Over the weekend, I covered the extraordinarily disturbing new law that just passed in Spain which essentially criminalizes protests and allows for up to 30,000 euro fines for simply wearing a mask. It’s all starting to make sense now, as the country’s Prime Minister Mariano Rajoy prepares a new oligarch bailout, this time of the country’s highway operators who of course must be saved at all costs. They know the protests are coming and they want to be able to deal with uppity peasants when they feel the need to get out into the streets. Truly despicable. From Bloomberg:
Spanish taxpayers have bailed out banks and power companies. Next up are highway operators and their billionaire owners.
Prime Minister Mariano Rajoy’s government is considering a 5 billion-euro ($6.7 billion) plan to take over and guarantee the debt of about 364 miles (585 kilometers) of roads, according to two people familiar with the matter who declined to comment because no final decisions have been made.
“This is another repeat of ‘too big to fail’,” Jose Garcia Montalvo, an economics professor at Pompeu Fabra University in Barcelona, said in a telephone interview. “You don’t need to worry if something goes wrong, the government will come to the rescue.”
The roads are controlled by some of Spain’s biggest companies, including the Del Pino family’s Ferrovial SA, the Koplowitz family’s Fomento de Construcciones & Contratas SA, Sacyr SA and Actividades de Construccion y Servicios SA, run by Real Madrid Chairman Florentino Perez. They’re entitled to the rescue through a law passed under General Francisco Franco in 1972, which stipulates that when a private highway goes bust, the state has to repay its owners for the cost of the land and the construction.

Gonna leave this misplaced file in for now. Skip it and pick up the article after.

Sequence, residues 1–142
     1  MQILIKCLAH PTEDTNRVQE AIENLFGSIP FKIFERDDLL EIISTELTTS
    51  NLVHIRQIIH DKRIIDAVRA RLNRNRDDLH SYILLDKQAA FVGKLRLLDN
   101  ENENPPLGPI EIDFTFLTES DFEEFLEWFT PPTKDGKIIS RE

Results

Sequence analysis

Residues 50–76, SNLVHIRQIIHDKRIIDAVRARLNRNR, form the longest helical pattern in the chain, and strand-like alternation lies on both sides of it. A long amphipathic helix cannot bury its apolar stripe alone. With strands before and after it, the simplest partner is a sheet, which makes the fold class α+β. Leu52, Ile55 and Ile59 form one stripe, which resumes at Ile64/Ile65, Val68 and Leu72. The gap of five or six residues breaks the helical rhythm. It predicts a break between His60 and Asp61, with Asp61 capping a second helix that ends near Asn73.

Well sure, if a former fascist dictator says it’s the right thing to do…
As Rajoy struggles to turn around the Spanish economy after two recessions that destroyed almost 4 million jobs, the Franco-era concession law is adding to a bailout bill for banks and the regions that already exceeds 140 billion euros. Spain’s sovereign debt totals about 775 billion euros, according to the Bank of Spain.
One of the biggest beneficiaries from the highway bailout would be Ferrovial’s Radial 4, which has been run by court-appointed administrators since October 2012, when the owners sought creditor protection after traffic volume fell to a record low.
Ferrovial was founded by Rafael del Pino y Moreno in 1952 to work on the country’s railways and in 1968 it won Spain’s first private highway concession, according to the company’s website. Its specialist highways unit, Cintra, now manages 26 highways in nine countries including a Toronto ring-road.
The Del Pino family is worth at least $5.7 billion, according to Bloomberg Billionaires Index. Their wealth has increased by about $1 billion this year as Ferrovial’s stock gained 22 percent; they’ve collected more than 580 million euros in dividends since Spain’s economic crisis started in 2008, Bloomberg Billionaires data show. Esther Koplowitz, who controls 54 percent of Barcelona-based FCC, is worth as least $1 billion, according to the ranking.
“The government isn’t rescuing the thousands of small businesses that failed during the crisis,” Gonzalo Bernardos, a professor of economics at Barcelona University, said in a telephone interview.
Of course they aren’t. You are just a serf in the Oligarch Hunger Games.
Full article here.
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